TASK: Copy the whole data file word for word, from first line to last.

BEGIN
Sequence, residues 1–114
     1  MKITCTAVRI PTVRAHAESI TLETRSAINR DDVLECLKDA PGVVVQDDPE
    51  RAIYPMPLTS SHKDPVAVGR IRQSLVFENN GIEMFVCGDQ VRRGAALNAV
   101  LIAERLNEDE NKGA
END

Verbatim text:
Sequence, residues 1–114
     1  MKITCTAVRI PTVRAHAESI TLETRSAINR DDVLECLKDA PGVVVQDDPE
    51  RAIYPMPLTS SHKDPVAVGR IRQSLVFENN GIEMFVCGDQ VRRGAALNAV
   101  LIAERLNEDE NKGA